Legendary comedy actor Chevy Chase was reportedly kicked by a youngster during a road rage altercation.
Which means Clark Griswold landed himself in trouble — again.
The “National Lampoon” actor asserts that he was driving over the Westchester span on Feb. 9 when he was cut off by a pick-up truck, TMZ reports.
Chase told police he thought the rival vehicle had made contact with his car, so he flashed his lights and followed it until its driver pulled over, according to the police report cited by TMZ.
The 74-year-old jokester realized that neither vehicle was damaged but approached the driver anyway “to speak to him about his reckless driving.” But he said one of the pick-up truck driver’s passengers then flipped him the bird.
“If I were a lot younger, I’d bust your nose,” the former “Saturday Night Live” star told the passenger. And then he got kicked in the shoulder, according to the police report.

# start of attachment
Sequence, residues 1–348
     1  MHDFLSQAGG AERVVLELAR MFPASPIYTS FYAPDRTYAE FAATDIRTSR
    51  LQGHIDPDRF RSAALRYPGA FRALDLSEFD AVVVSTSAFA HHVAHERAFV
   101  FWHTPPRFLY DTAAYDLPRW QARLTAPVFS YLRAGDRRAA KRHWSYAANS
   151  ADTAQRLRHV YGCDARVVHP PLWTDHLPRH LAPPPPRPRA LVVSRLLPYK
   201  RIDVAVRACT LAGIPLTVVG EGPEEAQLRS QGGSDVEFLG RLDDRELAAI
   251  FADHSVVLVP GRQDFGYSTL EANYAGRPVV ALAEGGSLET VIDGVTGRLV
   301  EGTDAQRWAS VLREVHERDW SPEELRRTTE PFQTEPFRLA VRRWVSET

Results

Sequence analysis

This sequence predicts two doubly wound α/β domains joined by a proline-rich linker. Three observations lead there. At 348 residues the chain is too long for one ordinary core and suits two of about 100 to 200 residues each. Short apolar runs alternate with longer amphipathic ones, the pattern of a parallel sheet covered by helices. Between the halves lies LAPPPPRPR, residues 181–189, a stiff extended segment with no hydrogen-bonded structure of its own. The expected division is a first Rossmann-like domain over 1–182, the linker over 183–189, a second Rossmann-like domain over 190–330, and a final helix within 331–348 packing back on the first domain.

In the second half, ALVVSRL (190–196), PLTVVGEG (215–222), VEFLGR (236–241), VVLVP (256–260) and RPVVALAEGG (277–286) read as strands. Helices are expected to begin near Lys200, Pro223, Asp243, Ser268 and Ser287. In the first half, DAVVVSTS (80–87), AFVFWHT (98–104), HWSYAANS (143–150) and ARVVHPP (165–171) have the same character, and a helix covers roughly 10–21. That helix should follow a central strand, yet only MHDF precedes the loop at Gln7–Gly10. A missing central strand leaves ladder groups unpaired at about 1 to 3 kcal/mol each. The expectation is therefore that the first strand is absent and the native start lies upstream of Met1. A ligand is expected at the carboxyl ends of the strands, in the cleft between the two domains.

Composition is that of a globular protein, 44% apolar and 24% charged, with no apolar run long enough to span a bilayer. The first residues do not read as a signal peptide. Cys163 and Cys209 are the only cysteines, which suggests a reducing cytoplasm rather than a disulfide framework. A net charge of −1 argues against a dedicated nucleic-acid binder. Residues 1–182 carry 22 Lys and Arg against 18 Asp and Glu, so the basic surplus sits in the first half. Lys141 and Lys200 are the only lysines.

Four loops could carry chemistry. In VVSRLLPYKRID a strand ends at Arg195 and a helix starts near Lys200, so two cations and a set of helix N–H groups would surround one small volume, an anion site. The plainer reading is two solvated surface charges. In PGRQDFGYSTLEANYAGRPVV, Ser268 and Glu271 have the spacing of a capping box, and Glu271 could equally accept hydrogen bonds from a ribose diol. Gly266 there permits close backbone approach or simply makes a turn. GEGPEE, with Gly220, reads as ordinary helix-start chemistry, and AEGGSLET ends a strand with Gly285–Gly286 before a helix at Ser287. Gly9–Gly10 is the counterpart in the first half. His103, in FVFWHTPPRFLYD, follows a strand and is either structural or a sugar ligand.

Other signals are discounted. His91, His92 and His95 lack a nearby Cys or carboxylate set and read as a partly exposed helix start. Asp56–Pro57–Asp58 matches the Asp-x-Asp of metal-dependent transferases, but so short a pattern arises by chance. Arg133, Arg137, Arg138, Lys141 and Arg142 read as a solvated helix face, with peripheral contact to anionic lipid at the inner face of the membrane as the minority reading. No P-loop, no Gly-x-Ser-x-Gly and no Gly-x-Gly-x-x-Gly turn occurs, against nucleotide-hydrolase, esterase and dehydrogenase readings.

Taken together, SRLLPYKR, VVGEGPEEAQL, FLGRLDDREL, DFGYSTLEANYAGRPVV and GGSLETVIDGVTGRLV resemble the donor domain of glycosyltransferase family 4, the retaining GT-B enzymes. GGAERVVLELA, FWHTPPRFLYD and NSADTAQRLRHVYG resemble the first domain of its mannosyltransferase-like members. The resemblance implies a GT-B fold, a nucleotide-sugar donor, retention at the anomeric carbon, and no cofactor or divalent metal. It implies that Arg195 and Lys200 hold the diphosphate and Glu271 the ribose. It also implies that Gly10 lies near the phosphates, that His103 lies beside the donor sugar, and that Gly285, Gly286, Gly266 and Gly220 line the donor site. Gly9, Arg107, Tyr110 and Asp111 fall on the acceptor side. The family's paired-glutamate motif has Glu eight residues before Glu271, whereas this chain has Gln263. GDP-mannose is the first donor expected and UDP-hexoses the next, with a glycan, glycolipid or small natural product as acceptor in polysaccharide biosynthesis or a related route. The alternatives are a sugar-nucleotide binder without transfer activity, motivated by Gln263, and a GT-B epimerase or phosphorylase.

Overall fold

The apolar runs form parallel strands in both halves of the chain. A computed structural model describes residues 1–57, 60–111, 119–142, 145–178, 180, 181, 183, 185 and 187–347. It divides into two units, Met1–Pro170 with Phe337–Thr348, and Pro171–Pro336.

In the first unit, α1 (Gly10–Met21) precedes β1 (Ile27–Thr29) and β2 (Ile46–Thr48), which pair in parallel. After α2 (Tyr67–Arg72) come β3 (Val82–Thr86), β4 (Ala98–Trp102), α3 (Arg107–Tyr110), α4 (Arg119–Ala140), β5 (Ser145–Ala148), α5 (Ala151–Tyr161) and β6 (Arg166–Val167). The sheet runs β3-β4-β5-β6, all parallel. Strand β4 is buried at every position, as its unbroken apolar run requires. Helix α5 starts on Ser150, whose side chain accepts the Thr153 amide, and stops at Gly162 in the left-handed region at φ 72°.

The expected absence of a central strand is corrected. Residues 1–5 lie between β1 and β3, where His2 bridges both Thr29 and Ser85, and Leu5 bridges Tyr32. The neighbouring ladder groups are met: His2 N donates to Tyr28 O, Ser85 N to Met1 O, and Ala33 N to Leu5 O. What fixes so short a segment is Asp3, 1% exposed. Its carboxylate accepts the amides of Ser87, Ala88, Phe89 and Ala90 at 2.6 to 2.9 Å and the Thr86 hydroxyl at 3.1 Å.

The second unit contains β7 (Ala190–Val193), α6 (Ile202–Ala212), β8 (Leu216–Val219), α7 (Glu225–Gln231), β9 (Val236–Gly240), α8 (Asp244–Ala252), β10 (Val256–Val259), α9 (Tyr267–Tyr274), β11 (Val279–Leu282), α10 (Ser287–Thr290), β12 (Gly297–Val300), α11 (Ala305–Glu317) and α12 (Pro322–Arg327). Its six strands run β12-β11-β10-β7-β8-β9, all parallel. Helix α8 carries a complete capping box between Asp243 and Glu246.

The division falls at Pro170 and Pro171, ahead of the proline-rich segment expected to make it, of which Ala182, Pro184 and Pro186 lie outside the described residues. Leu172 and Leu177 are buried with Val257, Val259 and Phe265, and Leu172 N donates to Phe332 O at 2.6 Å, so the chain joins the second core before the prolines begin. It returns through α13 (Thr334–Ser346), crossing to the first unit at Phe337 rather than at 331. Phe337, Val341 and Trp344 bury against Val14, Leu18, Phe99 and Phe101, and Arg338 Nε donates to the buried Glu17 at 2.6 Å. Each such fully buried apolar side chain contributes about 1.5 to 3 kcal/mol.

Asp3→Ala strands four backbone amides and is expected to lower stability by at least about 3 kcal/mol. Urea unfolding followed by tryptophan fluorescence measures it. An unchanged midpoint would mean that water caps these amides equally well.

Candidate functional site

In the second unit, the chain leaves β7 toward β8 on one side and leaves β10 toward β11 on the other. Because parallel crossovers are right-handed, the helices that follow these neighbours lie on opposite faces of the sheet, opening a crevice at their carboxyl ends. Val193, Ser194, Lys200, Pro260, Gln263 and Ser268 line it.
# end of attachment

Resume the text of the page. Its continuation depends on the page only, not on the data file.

The alleged attacker — a 22-year-old man — was slapped with a count of second-degree harassment with physical contact, according to state police. According to the report, the man said Chase wound up to throw a punch, to which the man responded with his foot.
Still, it could’ve been worse:
The comedian checked in to the Hazelden Addiction Treatment Center in Minnesota back in 2016, TMZ reported. The facility is also where Robin Williams received care in 2014.
A rep for the actor told the Los Angeles-based tabloid that Chase was in for a “tune up” in his recovery from alcohol problems and to work on becoming “the best that he can be.”
In 1986, the then-43-year-old checked himself in to the Betty Ford Center for a prescription drug addiction.
Chase has had a storied career in television and film. The star exploded onto the scene during the first season of “Saturday Night Live,” in which he garnered laughs while anchoring the “Weekend Update” desk. And from there, it was all uphill.
He starred in “Caddyshack” in 1980 and “National Lampoon Vacation” in ’83. Then there was “Spies Like Us” in ’85. But two of his greatest films, “Fletch” and “Fletch Lives” are hardly talked about. You’ll rarely see the two films on television, but they’re widely appreciated.
In this clip, Fletch (the investigative reporter) pretends to be a business leader so that he can learn some information about the house he’s just bought.